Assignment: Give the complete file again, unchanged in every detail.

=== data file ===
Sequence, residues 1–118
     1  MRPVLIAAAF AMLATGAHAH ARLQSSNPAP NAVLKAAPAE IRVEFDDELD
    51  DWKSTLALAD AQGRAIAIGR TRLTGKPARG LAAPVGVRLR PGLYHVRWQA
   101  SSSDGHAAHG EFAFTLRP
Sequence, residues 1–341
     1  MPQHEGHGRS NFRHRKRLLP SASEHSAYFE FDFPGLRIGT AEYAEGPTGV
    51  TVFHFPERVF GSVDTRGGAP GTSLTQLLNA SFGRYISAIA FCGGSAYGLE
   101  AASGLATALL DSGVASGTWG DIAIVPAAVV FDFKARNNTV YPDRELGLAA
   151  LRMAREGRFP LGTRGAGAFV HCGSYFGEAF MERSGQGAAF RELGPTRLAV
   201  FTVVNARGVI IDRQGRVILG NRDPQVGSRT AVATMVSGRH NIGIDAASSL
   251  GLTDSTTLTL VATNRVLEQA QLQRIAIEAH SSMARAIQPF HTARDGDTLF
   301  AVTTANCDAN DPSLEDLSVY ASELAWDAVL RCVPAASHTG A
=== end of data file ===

Sequence, residues 1–118
     1  MRPVLIAAAF AMLATGAHAH ARLQSSNPAP NAVLKAAPAE IRVEFDDELD
    51  DWKSTLALAD AQGRAIAIGR TRLTGKPARG LAAPVGVRLR PGLYHVRWQA
   101  SSSDGHAAHG EFAFTLRP
Sequence, residues 1–341
     1  MPQHEGHGRS NFRHRKRLLP SASEHSAYFE FDFPGLRIGT AEYAEGPTGV
    51  TVFHFPERVF GSVDTRGGAP GTSLTQLLNA SFGRYISAIA FCGGSAYGLE
   101  AASGLATALL DSGVASGTWG DIAIVPAAVV FDFKARNNTV YPDRELGLAA
   151  LRMAREGRFP LGTRGAGAFV HCGSYFGEAF MERSGQGAAF RELGPTRLAV
   201  FTVVNARGVI IDRQGRVILG NRDPQVGSRT AVATMVSGRH NIGIDAASSL
   251  GLTDSTTLTL VATNRVLEQA QLQRIAIEAH SSMARAIQPF HTARDGDTLF
   301  AVTTANCDAN DPSLEDLSVY ASELAWDAVL RCVPAASHTG A